Immelmann quickly built an impressive score, with three
more victories in September.
In October he eas the sole air defense of the city of
Lille, where he became known as Der Adler von Lille
(The Eagle of Lille), gaining two more victories at this time to become the
first German ace.
Immelmann and Oswald Boelcke traded the position of
Germany's leading ace.
Boelcke six and became the first to be awarded the Royal
House Order of Hohenzollern.
Immelmann was second when he scored six; on December 15
he scored number seven.
On January 12, 1916, the day of his eighth victory, he
became the first pilot awarded the Pour le Mérite,
Germany's highest military honor, which became unofficially known as the "Blue
Max" in the Luftstreitkräfte in his
He and Boelke were both awarded the medal by the Kaiser in a special
The two aces were even on March 13,at 11 each; Immelmann lost the lead on the 19th, regained it on Easter Sunday 14 to 13, and lost it forever on May 1 when Boelcke scored 2 and went to 15, scoring another the next day. On April 25, 1916, Immelmann attacked two RFC D.H.2s; he described the fight "The two worked splendidly together...and put 11 shots into my machine. The petrol tank, the struts on the fuselage, the undercarriage and the propeller were hit... It was not a nice business." Air combat was changing.
On May 31, Immelmann nearly died when his synchronzing gear malfunctioned during a fight and a stream of bullets cut off the tip of a propeller blade. The unbalanced air screw nearly shook the engine loose from its mounts before he could cut the ignition and glide to a dead‑stick landing.
In the late afternoon of June 18, 1916, Immelmann led a
flight of four Eindekkers in search of a flight of eight F.E.2b's of 25 Squadron
over Sallaumines. The British had just crossed the lines near Arras when
Immelmann intercepted them. After a long‑running fight over an area of some 30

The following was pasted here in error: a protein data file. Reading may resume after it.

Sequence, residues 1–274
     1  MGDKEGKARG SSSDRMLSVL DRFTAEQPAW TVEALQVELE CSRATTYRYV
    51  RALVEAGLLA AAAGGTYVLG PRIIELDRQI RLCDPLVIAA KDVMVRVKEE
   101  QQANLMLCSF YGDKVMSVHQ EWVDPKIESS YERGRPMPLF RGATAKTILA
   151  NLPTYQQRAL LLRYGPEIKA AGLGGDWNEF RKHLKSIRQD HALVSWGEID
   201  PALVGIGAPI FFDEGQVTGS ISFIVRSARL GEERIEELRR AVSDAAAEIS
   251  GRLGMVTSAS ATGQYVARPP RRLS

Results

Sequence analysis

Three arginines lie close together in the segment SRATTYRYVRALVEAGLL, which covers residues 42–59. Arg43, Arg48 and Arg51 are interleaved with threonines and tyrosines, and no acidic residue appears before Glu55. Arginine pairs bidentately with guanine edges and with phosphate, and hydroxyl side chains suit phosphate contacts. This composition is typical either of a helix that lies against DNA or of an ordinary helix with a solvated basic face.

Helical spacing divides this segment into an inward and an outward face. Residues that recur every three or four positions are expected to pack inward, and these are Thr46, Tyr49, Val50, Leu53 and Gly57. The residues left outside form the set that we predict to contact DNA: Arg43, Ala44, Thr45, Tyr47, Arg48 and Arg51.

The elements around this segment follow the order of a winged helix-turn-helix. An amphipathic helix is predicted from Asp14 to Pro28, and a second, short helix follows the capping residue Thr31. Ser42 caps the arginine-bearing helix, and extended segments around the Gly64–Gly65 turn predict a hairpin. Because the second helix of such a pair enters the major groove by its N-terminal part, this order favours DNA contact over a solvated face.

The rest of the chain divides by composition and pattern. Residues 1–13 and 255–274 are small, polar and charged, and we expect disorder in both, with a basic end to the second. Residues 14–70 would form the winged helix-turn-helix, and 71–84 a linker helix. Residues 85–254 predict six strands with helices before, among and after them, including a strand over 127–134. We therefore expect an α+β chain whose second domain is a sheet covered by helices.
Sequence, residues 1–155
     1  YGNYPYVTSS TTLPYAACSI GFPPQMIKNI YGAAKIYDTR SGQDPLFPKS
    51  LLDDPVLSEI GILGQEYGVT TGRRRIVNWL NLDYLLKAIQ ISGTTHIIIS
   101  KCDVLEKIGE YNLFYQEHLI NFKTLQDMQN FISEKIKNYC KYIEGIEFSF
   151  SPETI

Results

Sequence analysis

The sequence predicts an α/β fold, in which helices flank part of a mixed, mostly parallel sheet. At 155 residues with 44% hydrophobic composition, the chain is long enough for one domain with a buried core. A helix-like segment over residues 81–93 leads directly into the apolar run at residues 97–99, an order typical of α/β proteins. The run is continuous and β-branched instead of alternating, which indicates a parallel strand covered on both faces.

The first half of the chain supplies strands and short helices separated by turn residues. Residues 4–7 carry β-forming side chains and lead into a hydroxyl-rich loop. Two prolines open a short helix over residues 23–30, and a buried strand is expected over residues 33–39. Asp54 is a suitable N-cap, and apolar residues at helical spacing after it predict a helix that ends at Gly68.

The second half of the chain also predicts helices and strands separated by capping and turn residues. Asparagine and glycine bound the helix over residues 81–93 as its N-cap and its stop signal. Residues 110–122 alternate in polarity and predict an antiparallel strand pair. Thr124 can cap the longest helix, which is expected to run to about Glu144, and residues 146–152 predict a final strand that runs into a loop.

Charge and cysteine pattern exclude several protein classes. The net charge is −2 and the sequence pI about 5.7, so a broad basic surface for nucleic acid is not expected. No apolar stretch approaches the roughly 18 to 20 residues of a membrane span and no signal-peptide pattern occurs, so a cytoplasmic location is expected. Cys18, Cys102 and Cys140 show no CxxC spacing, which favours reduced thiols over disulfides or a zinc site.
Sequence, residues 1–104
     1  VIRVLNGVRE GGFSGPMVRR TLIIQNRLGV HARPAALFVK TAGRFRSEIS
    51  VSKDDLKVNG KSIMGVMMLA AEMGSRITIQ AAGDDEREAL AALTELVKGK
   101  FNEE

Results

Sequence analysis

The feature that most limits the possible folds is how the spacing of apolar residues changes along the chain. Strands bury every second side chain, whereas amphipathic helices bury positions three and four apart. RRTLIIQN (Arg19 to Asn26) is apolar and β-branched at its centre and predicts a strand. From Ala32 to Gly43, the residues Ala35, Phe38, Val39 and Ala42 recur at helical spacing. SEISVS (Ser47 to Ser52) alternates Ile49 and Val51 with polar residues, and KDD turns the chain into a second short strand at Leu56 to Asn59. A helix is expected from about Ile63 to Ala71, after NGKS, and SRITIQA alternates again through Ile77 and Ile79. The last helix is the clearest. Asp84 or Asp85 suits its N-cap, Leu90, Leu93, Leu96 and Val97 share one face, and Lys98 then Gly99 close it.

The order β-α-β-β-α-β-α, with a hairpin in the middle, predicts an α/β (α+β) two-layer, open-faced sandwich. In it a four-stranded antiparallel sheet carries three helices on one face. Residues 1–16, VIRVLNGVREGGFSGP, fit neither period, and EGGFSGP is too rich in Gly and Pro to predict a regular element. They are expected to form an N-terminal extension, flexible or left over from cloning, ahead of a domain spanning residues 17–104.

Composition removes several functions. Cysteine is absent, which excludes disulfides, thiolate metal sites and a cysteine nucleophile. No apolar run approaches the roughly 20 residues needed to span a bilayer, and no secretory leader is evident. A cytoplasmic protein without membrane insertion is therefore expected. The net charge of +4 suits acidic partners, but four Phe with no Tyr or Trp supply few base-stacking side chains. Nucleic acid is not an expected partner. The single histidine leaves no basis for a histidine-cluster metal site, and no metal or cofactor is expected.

square miles, Immelmann shot down one F.E., wounding both the pilot and
observer, for his 16th victory.
Later that same evening, flying Fokker E.
On the German side, Immelmann been proclaimed invincible and most could not believe he had fallen to enemy fire. The British McCubbin the Distinguished Service Order, with the Distinguished Service Medal and Sergeant's stripes for Waller. Many Germans claimed Immelmann shot off his propeller again, but this does not fit the facts of the event.
Immelmann is immortalized in aviation for developing "the Immelmann," a manuever in which a pilot dives, zooms up into the beginning of a loop, then rolls upright at the top, in position again for another attack. This is not an easy maneuver to do properly (I speak from experience), and doing it in an underpowered airplane with extremely poor lateral control like the Eindekker makes it even more of an achievement.
by Ernst Udet and Manfred von Richtofen, two Austrian Flying Corps airplanes,
and the E.
her by Ernst Udet and Manfred von Richtofen, two Austrian Flying Corps airplanes, and the E.
|CONSTRUCTION & COLORS|
This is quite an easy model to assemble, if you commit the radical and revolutionary act of Following The Instructions. As is usual, I painted all parts on the sprue trees before assembly, per the instructions.
The "machined" aluminum is easy to do: brush paint the surface with Tamiya "Flat Aluminum," then do "squiggles" with Tamiya "Chrome Silver" over that. Voila! The "machined look."
Rigging was done with .010 wire, which greatly strengthens the airframe.
If you would like your product reviewed fairly and fairly quickly, please contact the editor or see other details in the Note to Contributors.
Back to the Main Page
Back to the Review Index Page